Between holidays and winter break, its been lonely and quiet on the Rutgers' campuses the past few weeks. The cold, snowy blast delivered by Winter Storm Janus ushered in 'Spring'. The first day of the spring semester was called off early and the second day started late. Today is the first full day of 'Spring' topping out at 18 degrees F. Welcome back!

While I'm excited to have everyone back, the quiet and break was nice - we enjoyed sledding in the snow; family came to visit from California; I submitted my first preproposal (ever) to NSF Integrative Organismal Systems Division; and we got in two new species of sea urchins in from the Florida Keys - Lytechinus variegatus and Arbacia punctulata. Both of these species are successful across a large geographic range - are there local adaptations? Does development change in response to the environment? So many questions about how they can thrive under such variable conditions.
(c) Florida Museum of Natural History, Arbacia punctulata

A. punctulata is found along the Western Atlantic Ocean from Massachusetts to Cuba and throughout the Caribbean and Gulf of Mexico. They are found in shallow water with rocky, sandy or shelly bottoms.

L. variegatus is also found along the US eastern seaboard from North Carolina around Florida into the Gulf of Mexico and Caribbean. However, L. variegatus prefers sea grass beds.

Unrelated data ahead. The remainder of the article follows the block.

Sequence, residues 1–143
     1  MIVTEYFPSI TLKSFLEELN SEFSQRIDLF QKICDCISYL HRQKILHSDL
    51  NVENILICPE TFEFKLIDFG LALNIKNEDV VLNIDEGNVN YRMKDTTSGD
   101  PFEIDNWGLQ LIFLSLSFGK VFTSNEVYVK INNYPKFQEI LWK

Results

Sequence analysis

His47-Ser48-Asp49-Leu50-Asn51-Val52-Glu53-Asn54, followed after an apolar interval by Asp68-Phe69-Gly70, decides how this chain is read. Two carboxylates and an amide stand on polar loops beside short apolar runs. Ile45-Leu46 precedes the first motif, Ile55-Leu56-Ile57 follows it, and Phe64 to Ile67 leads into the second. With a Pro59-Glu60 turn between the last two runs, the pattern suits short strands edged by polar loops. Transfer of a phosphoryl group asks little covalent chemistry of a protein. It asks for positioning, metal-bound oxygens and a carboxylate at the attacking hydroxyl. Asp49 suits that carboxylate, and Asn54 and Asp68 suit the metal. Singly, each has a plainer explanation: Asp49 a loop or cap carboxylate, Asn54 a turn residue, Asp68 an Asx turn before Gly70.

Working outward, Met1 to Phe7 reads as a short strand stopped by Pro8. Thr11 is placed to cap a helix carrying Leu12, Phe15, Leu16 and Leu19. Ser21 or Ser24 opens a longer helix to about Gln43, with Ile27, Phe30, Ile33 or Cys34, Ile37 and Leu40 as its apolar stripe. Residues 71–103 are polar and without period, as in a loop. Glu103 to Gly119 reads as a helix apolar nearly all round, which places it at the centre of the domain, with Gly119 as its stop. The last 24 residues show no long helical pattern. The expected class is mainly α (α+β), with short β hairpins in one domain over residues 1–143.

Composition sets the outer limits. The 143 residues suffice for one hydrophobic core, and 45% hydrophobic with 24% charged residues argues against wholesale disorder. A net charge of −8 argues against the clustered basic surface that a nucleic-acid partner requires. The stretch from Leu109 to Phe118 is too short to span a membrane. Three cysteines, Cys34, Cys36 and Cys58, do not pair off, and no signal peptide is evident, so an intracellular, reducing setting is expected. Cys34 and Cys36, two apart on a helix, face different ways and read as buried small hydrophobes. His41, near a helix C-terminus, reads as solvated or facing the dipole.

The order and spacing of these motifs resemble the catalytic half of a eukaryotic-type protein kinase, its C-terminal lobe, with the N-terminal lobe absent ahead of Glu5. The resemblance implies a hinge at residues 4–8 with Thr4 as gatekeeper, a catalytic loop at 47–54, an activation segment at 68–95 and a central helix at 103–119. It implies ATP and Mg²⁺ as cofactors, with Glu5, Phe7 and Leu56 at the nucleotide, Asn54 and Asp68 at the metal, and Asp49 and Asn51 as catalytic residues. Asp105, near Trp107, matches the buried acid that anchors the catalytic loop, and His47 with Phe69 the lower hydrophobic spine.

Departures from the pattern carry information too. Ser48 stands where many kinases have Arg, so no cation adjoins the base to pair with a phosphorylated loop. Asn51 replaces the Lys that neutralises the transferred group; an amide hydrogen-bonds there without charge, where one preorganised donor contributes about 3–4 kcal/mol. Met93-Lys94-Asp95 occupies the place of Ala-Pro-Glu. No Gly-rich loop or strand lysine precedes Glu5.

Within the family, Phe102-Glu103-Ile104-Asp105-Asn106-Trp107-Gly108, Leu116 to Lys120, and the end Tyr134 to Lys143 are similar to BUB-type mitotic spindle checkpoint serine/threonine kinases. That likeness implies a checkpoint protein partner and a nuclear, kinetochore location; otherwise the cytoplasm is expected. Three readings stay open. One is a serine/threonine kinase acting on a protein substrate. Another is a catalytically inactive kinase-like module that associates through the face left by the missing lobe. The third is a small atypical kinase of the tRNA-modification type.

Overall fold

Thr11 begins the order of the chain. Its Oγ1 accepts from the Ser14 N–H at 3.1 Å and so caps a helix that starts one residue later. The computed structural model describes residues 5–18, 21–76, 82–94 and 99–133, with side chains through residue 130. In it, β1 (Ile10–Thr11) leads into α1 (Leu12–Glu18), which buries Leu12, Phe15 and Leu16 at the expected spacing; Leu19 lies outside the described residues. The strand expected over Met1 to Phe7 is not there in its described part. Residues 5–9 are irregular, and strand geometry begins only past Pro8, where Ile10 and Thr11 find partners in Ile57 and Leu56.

Friday, January 3, 2014

Whats in a NAME? Part II

Here are some suggestions that have been put forth. Chuckle, giggle and then vote in the poll to the right! Additional suggestions are still welcome.

MEDDLe Lab      Marine Ecology, Dispersal and Development of Larvae
LED Lab              Larval Ecology and Development
ILE Lab                Integrated Larval Ecology
MADD Lab          Marine Adaptation, Dispersal and Development
MEDDLe Lab      Molecular Ecology, Dispersal and Development of Larvae
DevEL Lab           Development and Ecology of Larvae
DADS Lab           Disperal and Development in the Sea
LEAD Lab            Larval Ecology and Development
La Da Dee            Larval Dispersal and Developmental Ecology

Thursday, January 2, 2014

Back to the East Pacific Rise

The office is pretty quiet right now - between people just starting to trickle in from the holidays and the local mass exodus to the East Pacific Rise. I don't get to go back this time - to my tromping grounds as a graduate
(c) WHOI
student - but my office neighbor, his students and postdoc have just arrived. 'Dark Life at Deep-Sea Vents'. As the expedition name suggests, they will be focused primarily on life at vents... but not the life I usually study. You have to go smaller than even my tiny larvae, to the microbes - the core of the ecosystem there. The microbes convert the chemicals to the energy that fuels the abundant oases of life at vents.

Join Dive and Discover Expedition 15 here: